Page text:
Or it might be a way to sue for trademark infringement someone who decides to write something unflattering about her.

  7. PJ says:

    @Patrick T. McGuire:
    “Or it might be a way to sue for trademark infringement someone who decides to write something unflattering about her.”

    Suing for trademark infringement when people write unflattering things about her? Now, I know that this is your idea, but if she actually did this, she would be the perfect poster girl for tort reform and against frivolous law suits. The face of hypocrisy too, since I recall that she did advocate tort reform.

  8. anjin-san says:

    > Or it might be a way to sue for trademark infringement someone who decides to write something unflattering about her.

    Yea, that free speech thing is BS anyway. If someone says something about Palin she does not like, they should pay damages. Of course, this would show her to be thin-skinned, vindictive and narcissitic, which is pretty much what we have been saying about her all along.

  9. Or it might be a way to sue for trademark infringement someone who decides to write something unflattering about her.

    I had the exact same thought–that she’s going to sue news organizations and blog that are critical of her for violating her trademark. It’s a ridiculous legal theory, but oddly enough that makes me think it more likely that’s the goal.

  10. Wendy says:

    Hey, Sarah! Get out of your Ivory Tower much?

  11. Alex Knapp says:

    The obvious solution is simply to use Sarah Palin’s name in such a way that she becomes genericized, like aspirin or cellophane.

  12. falling says:

    You cannot sue someone for using your name in a story, whether the story is postive or negative…not even if you name is trademarked. She will be able to stop someone from using her name for profit without her permission. A very good idea on her part and it once Obama hears about it he may even decide to trademark his name if someone hasn’t already done it. I would if I was Obama!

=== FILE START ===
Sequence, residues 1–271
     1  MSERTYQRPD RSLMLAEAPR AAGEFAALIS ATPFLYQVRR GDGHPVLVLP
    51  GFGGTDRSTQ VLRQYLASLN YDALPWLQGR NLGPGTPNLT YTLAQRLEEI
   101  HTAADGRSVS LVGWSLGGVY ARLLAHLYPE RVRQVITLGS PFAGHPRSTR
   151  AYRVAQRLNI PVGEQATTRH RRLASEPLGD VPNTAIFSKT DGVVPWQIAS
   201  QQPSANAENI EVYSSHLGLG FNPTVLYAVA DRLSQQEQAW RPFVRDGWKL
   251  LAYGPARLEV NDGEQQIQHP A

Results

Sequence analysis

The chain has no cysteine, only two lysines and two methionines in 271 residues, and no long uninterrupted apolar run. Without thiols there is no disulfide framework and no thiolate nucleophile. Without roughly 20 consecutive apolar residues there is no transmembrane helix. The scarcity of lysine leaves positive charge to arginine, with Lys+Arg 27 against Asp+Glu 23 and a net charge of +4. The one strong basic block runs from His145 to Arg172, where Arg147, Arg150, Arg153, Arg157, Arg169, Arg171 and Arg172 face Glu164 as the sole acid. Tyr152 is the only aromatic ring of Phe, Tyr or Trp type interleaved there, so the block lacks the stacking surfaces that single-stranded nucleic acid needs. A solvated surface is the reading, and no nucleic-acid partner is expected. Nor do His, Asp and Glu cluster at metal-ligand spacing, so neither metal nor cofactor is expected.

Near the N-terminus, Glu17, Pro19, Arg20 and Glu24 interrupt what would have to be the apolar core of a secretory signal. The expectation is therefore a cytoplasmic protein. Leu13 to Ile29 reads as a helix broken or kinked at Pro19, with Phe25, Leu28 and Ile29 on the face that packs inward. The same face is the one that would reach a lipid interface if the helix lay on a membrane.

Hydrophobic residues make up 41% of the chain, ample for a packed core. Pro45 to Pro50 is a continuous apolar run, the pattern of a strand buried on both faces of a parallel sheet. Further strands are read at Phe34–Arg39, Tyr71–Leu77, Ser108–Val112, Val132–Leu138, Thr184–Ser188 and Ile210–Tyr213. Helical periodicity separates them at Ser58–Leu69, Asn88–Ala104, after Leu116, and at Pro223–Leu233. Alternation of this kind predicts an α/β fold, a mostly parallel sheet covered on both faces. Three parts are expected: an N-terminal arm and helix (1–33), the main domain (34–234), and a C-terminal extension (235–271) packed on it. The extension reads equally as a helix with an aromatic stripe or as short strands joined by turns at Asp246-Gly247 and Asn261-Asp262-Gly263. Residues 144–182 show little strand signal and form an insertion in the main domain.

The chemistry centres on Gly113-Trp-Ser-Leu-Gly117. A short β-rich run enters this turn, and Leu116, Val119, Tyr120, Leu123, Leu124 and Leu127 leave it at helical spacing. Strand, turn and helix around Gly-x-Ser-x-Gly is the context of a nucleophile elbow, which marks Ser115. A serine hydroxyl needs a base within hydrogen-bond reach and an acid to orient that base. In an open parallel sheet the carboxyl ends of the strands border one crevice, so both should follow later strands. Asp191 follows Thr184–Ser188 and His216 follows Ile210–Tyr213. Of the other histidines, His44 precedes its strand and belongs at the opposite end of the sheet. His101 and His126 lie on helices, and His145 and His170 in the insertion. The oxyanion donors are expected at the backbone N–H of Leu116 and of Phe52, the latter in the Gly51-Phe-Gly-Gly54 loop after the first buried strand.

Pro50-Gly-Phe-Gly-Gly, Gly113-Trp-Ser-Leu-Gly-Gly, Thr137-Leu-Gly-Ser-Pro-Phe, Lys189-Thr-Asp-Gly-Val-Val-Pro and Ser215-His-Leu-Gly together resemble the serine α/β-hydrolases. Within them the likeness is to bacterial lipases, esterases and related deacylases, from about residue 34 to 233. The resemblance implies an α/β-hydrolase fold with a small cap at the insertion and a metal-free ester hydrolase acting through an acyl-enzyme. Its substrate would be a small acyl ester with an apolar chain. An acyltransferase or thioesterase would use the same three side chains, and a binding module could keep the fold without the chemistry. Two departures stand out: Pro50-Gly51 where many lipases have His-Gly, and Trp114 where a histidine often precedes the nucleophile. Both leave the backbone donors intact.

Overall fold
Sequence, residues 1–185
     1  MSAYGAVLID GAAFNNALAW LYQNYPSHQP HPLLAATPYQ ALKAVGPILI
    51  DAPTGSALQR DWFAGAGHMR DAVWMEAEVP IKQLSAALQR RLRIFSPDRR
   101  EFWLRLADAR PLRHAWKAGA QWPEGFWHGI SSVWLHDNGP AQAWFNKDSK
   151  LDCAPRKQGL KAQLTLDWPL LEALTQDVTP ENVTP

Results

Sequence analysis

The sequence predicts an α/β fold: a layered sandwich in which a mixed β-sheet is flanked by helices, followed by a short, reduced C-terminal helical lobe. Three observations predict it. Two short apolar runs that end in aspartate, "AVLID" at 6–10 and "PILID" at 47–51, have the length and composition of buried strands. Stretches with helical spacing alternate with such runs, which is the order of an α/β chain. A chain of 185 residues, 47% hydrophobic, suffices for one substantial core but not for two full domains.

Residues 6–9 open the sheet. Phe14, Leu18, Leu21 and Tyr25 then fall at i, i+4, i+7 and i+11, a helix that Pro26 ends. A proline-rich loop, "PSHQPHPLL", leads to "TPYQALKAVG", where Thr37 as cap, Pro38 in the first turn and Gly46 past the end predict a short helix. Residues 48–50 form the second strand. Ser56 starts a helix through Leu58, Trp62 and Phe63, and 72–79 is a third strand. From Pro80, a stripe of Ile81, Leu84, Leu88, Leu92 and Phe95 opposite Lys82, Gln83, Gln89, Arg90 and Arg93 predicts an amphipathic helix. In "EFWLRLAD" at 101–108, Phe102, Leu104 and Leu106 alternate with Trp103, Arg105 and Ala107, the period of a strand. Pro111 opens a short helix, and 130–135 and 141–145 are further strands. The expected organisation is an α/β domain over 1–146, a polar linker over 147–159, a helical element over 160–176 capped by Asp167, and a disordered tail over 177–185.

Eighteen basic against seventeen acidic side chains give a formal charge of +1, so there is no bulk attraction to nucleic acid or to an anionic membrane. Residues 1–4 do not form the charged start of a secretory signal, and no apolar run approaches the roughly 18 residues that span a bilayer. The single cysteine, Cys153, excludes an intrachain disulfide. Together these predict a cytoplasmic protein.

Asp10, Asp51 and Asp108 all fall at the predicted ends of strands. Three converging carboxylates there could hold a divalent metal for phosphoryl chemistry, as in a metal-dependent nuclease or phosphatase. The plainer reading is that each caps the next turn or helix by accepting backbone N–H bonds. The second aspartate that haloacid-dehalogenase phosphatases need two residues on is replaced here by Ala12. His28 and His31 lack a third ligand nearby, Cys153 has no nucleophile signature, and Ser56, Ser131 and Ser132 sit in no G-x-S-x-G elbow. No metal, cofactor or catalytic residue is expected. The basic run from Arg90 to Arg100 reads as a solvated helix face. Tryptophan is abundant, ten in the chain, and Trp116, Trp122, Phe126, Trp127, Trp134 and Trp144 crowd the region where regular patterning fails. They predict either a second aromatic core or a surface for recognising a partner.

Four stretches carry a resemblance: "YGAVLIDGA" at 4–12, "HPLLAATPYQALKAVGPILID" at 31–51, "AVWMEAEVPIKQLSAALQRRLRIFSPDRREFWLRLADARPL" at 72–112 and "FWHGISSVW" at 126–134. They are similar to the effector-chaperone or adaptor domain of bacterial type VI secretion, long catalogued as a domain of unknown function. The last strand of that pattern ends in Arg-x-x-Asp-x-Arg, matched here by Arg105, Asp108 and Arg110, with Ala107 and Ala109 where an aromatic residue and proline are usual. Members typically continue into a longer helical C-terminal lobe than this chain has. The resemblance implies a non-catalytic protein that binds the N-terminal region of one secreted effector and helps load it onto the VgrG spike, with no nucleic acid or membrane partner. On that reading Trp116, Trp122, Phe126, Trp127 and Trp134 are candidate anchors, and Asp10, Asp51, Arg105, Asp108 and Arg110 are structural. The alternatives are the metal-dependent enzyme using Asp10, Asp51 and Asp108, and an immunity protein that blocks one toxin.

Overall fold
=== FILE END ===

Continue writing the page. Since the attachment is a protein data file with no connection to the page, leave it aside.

13. EddieInCA says:

    falling –

    That’s ridiculous. Do you know how many men are named “Bill Clinton” in this country? Or George Bush? It hasn’t hurt their earning potential to not have their names trademarked. Clinton has made over $50million since he left office. Do you really think that Obama will be lacking in financial opportunities when he leaves office in 2016?

    Sheesh. Sarah Palin (and her daughter) are mistaken if they think this shields them in any way. In fact, the only ones who love this are probably the army of lawyers they’ll have to keep on retainer.

  14. G.A.Phillips says:

    ***The obvious solution is simply to use Sarah Palin’s name in such a way that she becomes genericized, like aspirin or cellophane.***

    Who could possibly use Sara Palin’s name that much and in that many ways…….hahaha…um…hehe…

  15. Steven Plunk says:

    Hoorah! Another Palin non story makes it onto OTB so the haters can hate. Are we sure this didn’t come from TMZ or People Magazine? Like a nervous tic mention of her just will not go away. I guess it’s a non controllable reflexive thing. Pavlovian almost.

  16. TG Chicago says:

    I disagreed — and still do — with Milbank preemptively declaring February to be Palin-free. What I think the media should do instead is to take a serious look at whether the Palin stories they run are really worth running.

    This one was not worth running.

  17. Rick Almeida says:

    I, for one, look forward to buying Bristol Palin-brand condoms.

  18. anjin-san says:

    > the haters

    Two groups use this expression. Thirteen year old girls who are describing people who don’t like them and Palinites…